Romania – Agreement on Institutional Collaboration during cohabitation

Time to reflect on a remarkable document that appeared in Romania just before the holiday season. This is the officially titled Agreement on Institutional Collaboration between the President of Romania and the Prime Minister of the Government.

The document was first seen being handed to Martin Schulz, the President of the European Parliament, by President Traian Băsescu at the EU Summit meeting on 14 December. It was then made public on the website of both the president and the PM, Victor Ponta. There is an English version here. (Thanks to Elliott Bulmer). The official nature of the document is, thus, clear.

The document is explicitly designed to regulate the current period of cohabitation, or, perhaps more accurately, the period following the formation of the new government in December 2012. The aim is clearly stated: “The institutional cooperation agreement is aimed at keeping the country stability and ensuring a functional climate for a good governance and ensuring the confidence of international markets, through harmonization of joint positions within the Executive power, with observance of the constitutional powers of the Romanian President and Government”.

Some of the document has a general ‘political spin’ flavour to it. So, both parties agree to “respect for Constitutional values and fundamental institutions of the state …”. Let’s face it, though, it is difficult to imagine either party ever justifying an action against the other by saying that they are not respecting the rule of law.

That said, there are some more specific commitments. For example, the document states that the parties “commit to refraining from attacks against the rule of law institutions and those included in external commitments, of financial and political nature, opting to cooperate in their common positions towards IMF, WB, Council of Europe, NATO, MCV, Schengen, etc.”.

Interestingly, they agree a formal division of labour (let’s call it the ‘segmented decision-making model), whereby the respective powers of the president and the PM are identified: “President: foreign policy, defence policy, representation to the European Council, according to Constitutional Court’s Decision. Prime Minister: Economic and social policy, country’s government, current problems that do not have direct impact on national security, external relations at inter-government and European levels.”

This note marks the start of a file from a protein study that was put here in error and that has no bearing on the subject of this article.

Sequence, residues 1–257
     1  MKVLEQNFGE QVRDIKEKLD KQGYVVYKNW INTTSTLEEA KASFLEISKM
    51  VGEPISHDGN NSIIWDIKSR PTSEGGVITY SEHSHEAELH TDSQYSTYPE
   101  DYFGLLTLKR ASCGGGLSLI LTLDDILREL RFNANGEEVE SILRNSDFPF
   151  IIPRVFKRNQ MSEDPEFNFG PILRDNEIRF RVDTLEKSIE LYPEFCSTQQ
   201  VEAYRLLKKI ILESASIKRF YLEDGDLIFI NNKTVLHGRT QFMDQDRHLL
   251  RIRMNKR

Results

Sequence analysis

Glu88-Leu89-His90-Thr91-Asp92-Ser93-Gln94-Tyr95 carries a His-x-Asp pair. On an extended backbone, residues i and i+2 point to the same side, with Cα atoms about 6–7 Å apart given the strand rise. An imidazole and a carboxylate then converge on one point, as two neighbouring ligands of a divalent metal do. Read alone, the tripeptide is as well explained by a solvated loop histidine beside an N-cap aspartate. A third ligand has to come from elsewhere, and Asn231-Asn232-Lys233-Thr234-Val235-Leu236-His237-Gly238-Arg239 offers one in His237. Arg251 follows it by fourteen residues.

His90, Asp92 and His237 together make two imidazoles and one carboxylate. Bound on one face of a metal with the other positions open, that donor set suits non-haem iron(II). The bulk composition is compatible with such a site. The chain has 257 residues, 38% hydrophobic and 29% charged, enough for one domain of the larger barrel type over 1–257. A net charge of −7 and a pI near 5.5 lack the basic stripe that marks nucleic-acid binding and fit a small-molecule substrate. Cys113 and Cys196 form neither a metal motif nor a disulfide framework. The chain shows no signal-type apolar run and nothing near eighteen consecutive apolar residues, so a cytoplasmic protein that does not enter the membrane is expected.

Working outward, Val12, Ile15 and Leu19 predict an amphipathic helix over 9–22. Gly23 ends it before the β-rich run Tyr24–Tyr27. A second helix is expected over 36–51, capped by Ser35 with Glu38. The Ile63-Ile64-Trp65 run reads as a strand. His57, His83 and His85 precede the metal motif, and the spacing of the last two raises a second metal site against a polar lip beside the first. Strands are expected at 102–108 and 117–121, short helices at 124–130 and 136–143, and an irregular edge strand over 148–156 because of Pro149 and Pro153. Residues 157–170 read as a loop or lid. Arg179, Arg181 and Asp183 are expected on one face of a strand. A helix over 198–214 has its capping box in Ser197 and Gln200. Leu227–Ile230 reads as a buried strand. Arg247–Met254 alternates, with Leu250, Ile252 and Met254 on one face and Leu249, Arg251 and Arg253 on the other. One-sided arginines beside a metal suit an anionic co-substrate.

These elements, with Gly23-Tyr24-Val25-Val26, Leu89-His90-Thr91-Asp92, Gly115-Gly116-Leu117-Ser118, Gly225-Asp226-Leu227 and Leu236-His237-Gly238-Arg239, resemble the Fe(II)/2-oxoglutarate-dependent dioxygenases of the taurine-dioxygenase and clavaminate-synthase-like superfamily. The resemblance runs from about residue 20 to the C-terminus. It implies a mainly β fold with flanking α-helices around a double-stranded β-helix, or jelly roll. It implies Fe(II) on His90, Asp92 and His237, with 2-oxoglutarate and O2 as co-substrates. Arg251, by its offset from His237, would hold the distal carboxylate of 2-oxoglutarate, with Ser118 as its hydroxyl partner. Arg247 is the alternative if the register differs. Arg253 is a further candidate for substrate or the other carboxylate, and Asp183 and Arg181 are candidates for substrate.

Perhaps more interestingly still, they identify certain areas of cooperation where they explicitly state that they have to work together. They are:

– foreign policy and cooperation with MAE (Foreign Affairs Ministry):
– policy within EU and cooperation with MA Eur (European Affairs Ministry) and MAE;
– appointment of generals;
– appointment of Ambassadors;
– appointment of the General Prosecutor, Chief Prosecutor of DNA, or other positions requesting Constitutional powers of President and Government;
– developing common positions on third topics;
– domestic policy topics with incidence in the national security area.

The document states that if agreement cannot be reached in these areas, then “the final decision-maker will have priority”. That may beg a question as to who the final decision-maker actually is, but presumably it relates back to the general spheres of influence identified above.

Finally, there are two remarkable paragraphs that give us an insight into the actual decision-making process. Paragraph 6 states that decision-making “is mainly the meeting or direct discussion between President and Prime Minister. Exceptionally, other persons can be involved, with the permission of the two officials, or a topic can be delegated to the administrative system of the two institutions – advisers, technical apparatus.” Paragraph 7 then identifies a conflict-resolution mechanism: “The dispute resolution mechanism comprises advisers and Ministers, with a person designed by each side to manage each component. The designation will be made according to the topic debated, and there will be avoided [sic] controversial persons or unacceptable to the other party”.

This is the first document of this sort that I have ever heard of. While it does contain some very general statements of intent, it also some contains some quite detailed commitments. Of course, it has no constitutional or legal status. Therefore, it is not justiciable. So, it is a ‘working agreement’. If either side violates it, then the only sanction is political or electoral. Even so, there will be some pressure to keep to it.

The pressure to keep to it is emphasised by the fact that the document has not just a domestic but an external audience too. The fact that President Băsescu was handing it out to Brussels is one sign of that. It is also worth noting that the document was issued just before the Venice Commission issued its ruling on the impeachment events earlier in the year. The ruling was quite critical. So, there was a sense that the public institutions felt that they needed to be publicly seen to have regulated the situation. There was a fear that the EU may not be as forthcoming with its aid if this was not the case and that foreign exchange markets and international lenders might react badly at the prospect of ongoing conflict. So, there is an international realpolitik at work.

Whatever the motivation, it doesn’t take away from the uniqueness of the document.

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